The book is edited by Dingwall, Fraser, Gregory and Robertson and
is limited to 1,000 hand-numbered copies. It is published by Wild
Press, PO Box 12397, Wellington NZ and Wordsell Press PO Box 51168
Pakuranga, Auckland, NZ. Price £25 postage and packing included.
ISBN 1 87245 01 1
GREENWICH MARSH. THE 300 YEARS BEFORE THE DOME by
DEPTFORD CREEK, SURVIVING REGENERATION by Jess
From Mrs. Bates
I am enclosing two pictures of instances which stick in my memory of visits to the Gas Works when we were children. One is a photo of an Armistice Day occasion. My father, whose title was Mechanical Superintendent, was at Ordnance Wharf from about 1927 to about the outbreak of WW2, when he went to work at Vauxhall Gas Works. Before he became land-based he spent a few years on the coastal run between Greenwich and the North-East (Tyneside) bringing coal for the Gas Works. Before that he had been in the Merchant Navy travelling all over the world.
The other photo is of the damage done to the wharves in the floods
and storms of 1938. There was a lot of damage done down the river at
From John West
Referring to the query form Mark Smith regarding Wiedhofft, the New Cross photographer:
Frederick Wiedhofft had a studio at 338 New Cross Road (near
Deptford Town Hall) from 1897-1914.
He also had branches at Holland Park, Highgate and Forest Gate.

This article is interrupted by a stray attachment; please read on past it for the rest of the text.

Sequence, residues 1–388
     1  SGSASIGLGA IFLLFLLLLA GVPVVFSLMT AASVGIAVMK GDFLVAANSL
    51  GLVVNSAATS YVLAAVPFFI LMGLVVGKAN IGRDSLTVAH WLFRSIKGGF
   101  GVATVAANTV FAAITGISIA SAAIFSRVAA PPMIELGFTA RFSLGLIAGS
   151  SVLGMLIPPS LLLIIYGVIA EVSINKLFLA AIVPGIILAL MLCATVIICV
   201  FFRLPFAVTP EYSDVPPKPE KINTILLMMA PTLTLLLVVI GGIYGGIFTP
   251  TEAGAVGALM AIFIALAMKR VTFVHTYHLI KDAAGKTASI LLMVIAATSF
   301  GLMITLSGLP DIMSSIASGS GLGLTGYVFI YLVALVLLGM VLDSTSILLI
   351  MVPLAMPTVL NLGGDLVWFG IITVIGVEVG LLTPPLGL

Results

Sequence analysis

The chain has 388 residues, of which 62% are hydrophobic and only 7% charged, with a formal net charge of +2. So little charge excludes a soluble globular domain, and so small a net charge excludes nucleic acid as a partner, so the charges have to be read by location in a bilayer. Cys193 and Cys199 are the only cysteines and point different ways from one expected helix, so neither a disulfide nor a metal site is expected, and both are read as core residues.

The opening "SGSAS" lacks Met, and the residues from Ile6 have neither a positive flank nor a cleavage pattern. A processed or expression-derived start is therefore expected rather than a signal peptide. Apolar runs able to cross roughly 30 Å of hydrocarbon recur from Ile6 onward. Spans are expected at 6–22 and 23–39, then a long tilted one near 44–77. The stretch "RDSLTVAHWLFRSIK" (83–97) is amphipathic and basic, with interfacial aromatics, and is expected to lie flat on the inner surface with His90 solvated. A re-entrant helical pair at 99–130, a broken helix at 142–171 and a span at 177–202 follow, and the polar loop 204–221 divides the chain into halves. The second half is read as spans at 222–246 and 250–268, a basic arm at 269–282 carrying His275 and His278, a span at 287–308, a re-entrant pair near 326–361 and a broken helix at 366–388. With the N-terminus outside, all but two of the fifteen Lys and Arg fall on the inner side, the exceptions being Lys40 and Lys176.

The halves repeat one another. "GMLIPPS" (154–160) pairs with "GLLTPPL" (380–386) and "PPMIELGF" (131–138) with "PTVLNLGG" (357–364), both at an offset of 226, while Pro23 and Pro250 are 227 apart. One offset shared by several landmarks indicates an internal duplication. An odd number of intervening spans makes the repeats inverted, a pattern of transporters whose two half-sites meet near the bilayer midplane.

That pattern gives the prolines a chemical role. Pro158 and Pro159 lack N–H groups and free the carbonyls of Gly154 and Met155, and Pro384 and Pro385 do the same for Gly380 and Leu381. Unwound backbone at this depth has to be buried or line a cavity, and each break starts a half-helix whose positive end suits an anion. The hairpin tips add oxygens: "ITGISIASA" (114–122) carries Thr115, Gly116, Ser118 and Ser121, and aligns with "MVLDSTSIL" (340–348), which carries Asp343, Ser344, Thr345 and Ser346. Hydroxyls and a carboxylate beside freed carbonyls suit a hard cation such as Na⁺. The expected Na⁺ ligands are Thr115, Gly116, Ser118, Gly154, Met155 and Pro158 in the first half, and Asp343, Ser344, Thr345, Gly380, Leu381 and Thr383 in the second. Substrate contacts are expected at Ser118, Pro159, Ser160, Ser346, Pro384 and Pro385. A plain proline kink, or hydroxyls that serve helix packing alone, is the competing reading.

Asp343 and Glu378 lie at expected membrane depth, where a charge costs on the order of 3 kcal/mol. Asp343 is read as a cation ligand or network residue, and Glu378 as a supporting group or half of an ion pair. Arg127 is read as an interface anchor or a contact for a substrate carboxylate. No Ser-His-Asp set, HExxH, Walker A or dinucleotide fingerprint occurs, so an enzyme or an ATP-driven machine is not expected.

Information about other Lewisham and Greenwich Photographers can
be found in my The Studio Photographers of Lewisham and Greenwich
1854-1939 (1995). This work covers all the districts that now
comprise the London Boroughs of Lewisham and Greenwich, copies which
can be seen at Lewisham Local Studies Centre and Greenwich Local
From Dennis Gubb
I do hope you do not consider this as junk mail! I am trying to
trace my history and have reason to believe my great grandfather had
a brickyard/kiln somewhere in Woolwich. His name was Henry
Grubb. On my grandmother's side it seems her father, Henry Farr,
was killed at the Arsenal in a train accident. I would appreciate if
you were able to shed some light on these facts.
From John Smith
I intend to dispose of my collection of books,
booklets, pamphlets etc. relating to Blackheath,
Bromley, Charlton, Eltham, Greenwich,
Lee & Lewisham, Woolwich and Kent's
history, etc. this year. I hope to offer them for sale through local
book fairs, family history societies or similar outlets to those
particular areas. I have therefore accepted Dartford Family
History Society's invitation to man a stall at a meeting on
Saturday April 1st at Dartford Girls Grammar School. If you Society
intends to hold a book fair, or act as host to a similar organisation
I would greatly appreciate details.
From Roger Backhouse